Top 10 Beans and Legumes Highest in Protein

Top 10 Beans and Legumes Highest in Protein

Beans and legumes are an inexpensive and heart-healthy food popular all around the world. In addition to being high in protein, beans and legumes are also a good source of fiber, iron, and potassium.

The current daily value (DV) for protein is 50 grams per day and is a target meant for most people. Most beans provide between 29-36% of the DV for protein per cup cooked. Boiled soybeans (or edamame) provide a whopping 63% DV.

Beans and legumes high in protein include soybeans, lentils, white beans, cranberry beans, split peas, pinto beans, kidney beans, black beans, navy beans, and limas. The list below is ranked by the most protein per cup cooked. For bean products like tofu and hummus see the extended list of beans and bean products high in protein.

List of High Protein Beans

Soy Beans1 Boiled Soybeans (Edamame)
Protein
per Cup
Protein
per 100g
Protein
per 200 Calories
31.3g
(63% DV)
18.2g
(36% DV)
21.2g
(42% DV)
Lentils2 Lentils
Protein
per Cup
Protein
per 100g
Protein
per 200 Calories
17.9g
(36% DV)
9g
(18% DV)
15.6g
(31% DV)
White Beans3 Large White Beans
Protein
per Cup
Protein
per 100g
Protein
per 200 Calories
17.4g
(35% DV)
9.7g
(19% DV)
14g
(28% DV)
Cranberry Beans4 Cranberry (Borlotti) Beans
Protein
per Cup
Protein
per 100g
Protein
per 200 Calories
16.5g
(33% DV)
9.3g
(19% DV)
13.7g
(27% DV)
Split Peas5 Split Peas
Protein
per Cup
Protein
per 100g
Protein
per 200 Calories
16.3g
(33% DV)
8.3g
(17% DV)
14.1g
(28% DV)
Pinto Beans6 Pinto Beans
Protein
per Cup
Protein
per 100g
Protein
per 200 Calories
15.4g
(31% DV)
9g
(18% DV)
12.6g
(25% DV)
Kidney Beans7 Kidney Beans
Protein
per Cup
Protein
per 100g
Protein
per 200 Calories
15.3g
(31% DV)
8.7g
(17% DV)
13.7g
(27% DV)
Black Beans8 Black Beans (Frijoles Negros)
Protein
per Cup
Protein
per 100g
Protein
per 200 Calories
15.2g
(30% DV)
8.9g
(18% DV)
13.4g
(27% DV)
Navy Beans9 Navy (Haricot) Beans
Protein
per Cup
Protein
per 100g
Protein
per 200 Calories
15g
(30% DV)
8.2g
(16% DV)
11.8g
(24% DV)
Lima Beans10 Lima (Butter) Beans
Protein
per Cup
Protein
per 100g
Protein
per 200 Calories
14.7g
(29% DV)
7.8g
(16% DV)
13.6g
(27% DV)

See All 77 Beans and Lentils High in Protein

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More Bean and Bean Products High in Protein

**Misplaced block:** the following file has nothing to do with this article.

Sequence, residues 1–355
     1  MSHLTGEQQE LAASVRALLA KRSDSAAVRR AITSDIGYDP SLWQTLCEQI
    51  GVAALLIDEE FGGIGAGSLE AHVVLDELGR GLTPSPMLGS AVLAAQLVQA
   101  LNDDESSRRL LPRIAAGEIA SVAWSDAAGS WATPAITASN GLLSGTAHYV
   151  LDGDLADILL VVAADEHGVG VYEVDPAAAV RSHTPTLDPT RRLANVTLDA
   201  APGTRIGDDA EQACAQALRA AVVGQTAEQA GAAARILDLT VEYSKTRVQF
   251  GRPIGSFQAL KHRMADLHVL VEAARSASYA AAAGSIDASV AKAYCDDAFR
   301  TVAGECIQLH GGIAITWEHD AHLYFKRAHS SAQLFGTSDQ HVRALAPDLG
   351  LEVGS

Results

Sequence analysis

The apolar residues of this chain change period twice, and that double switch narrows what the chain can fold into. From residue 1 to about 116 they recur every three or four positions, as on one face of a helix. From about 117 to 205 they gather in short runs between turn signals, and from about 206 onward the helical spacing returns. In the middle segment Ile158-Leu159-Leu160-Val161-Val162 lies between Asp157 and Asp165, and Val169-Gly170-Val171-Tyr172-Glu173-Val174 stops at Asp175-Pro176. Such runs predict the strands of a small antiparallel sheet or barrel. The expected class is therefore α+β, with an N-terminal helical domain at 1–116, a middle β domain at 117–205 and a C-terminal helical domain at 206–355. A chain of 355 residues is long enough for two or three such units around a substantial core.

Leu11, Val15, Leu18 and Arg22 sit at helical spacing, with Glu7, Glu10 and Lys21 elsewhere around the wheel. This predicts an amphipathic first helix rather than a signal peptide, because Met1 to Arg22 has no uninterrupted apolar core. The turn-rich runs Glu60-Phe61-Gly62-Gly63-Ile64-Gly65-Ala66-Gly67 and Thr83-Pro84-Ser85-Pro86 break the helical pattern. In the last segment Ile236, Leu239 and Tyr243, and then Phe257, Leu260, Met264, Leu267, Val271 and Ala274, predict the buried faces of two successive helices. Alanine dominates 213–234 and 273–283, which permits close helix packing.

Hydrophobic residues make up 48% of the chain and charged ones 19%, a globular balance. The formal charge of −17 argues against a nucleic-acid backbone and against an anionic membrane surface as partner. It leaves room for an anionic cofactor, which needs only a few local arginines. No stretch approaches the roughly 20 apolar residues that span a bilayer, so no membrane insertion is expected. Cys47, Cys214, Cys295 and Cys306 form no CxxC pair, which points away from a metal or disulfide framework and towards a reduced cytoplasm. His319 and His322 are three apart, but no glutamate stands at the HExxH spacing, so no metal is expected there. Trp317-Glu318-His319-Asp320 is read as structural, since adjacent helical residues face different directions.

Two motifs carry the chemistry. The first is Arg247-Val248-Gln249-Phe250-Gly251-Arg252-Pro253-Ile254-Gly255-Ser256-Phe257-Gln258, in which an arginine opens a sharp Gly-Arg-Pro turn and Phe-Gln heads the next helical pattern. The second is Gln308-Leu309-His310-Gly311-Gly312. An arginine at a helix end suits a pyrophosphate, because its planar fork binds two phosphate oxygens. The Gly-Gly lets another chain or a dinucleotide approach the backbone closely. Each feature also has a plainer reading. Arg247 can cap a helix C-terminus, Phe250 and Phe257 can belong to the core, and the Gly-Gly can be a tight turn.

FoodServingProtein
1 Firm Tofuper cup87% DV
(43.5g)
2 Tempehper cup67% DV
(33.7g)
3 Lupin Beans1 cup52% DV
(25.8g)
4 Adzuki Beansper cup35% DV
(17.3g)
5 Great Northern Beansper cup29% DV
(14.7g)
6 Chickpeas (Garbanzo Beans)per cup29% DV
(14.5g)
7 Mung Beansper cup28% DV
(14.2g)
8 Unsweetened Soymilkper 16oz glass28% DV
(14g)
9 Mungo Beans1 cup27% DV
(13.6g)
10 Broad Beans (Fava)per cup26% DV
(12.9g)
11 Peanut Butterper 2 tblsp14% DV
(7.1g)
12 Peanuts (Dry Roasted)per oz14% DV
(6.9g)
13 Falafel1 falafel5% DV
(2.3g)
14 Miso Paste1 tblsp4% DV
(2.2g)
15 Hummus1 tblsp2% DV
(1.2g)

About the Data

Data for the curated food lists comes from the USDA Food Data Central Repository.

You can check our data against the USDA by clicking the (Source) link at the bottom of each food listing.

Note: When checking data please be sure the serving sizes are the same. In the rare case you find any difference, please contact us and we will fix it right away.

About Nutrient Targets

Setting targets can provide a guide to healthy eating.

Some of the most popular targets include:
  • Daily Value (%DV) - The %DV is a general guideline for everyone and accounts for absorption factors. It is the most common target in the U.S. and is the target on the nutrition labels of most products. It is set by the U.S. FDA.
  • Reference Dietary Intake (%RDI) - The Reference Dietary Intake (RDI) is a customized target accounting for age and gender. It is set by the U.S. Institute of Medicine. The RDI for amino acids is set by the U.N. World Health Organization. The daily value (%DV) builds on the reference dietary intake to create a number for everyone.
  • Adequate Intake (%AI) - Sets a target for Omega 3 and Omega 6 fats. The Adequate Intake is also set by the U.S. Institute of Medicine. It represents a number to ensure adequacy but lacks the same level of evidence as the Reference Dietary Intake. In short, the number is less accurate than the RDI.
  • See the Guide to Recommended Daily Intakes for more information.

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Data Sources and References

  1. U.S. Agricultural Research Service Food Data Central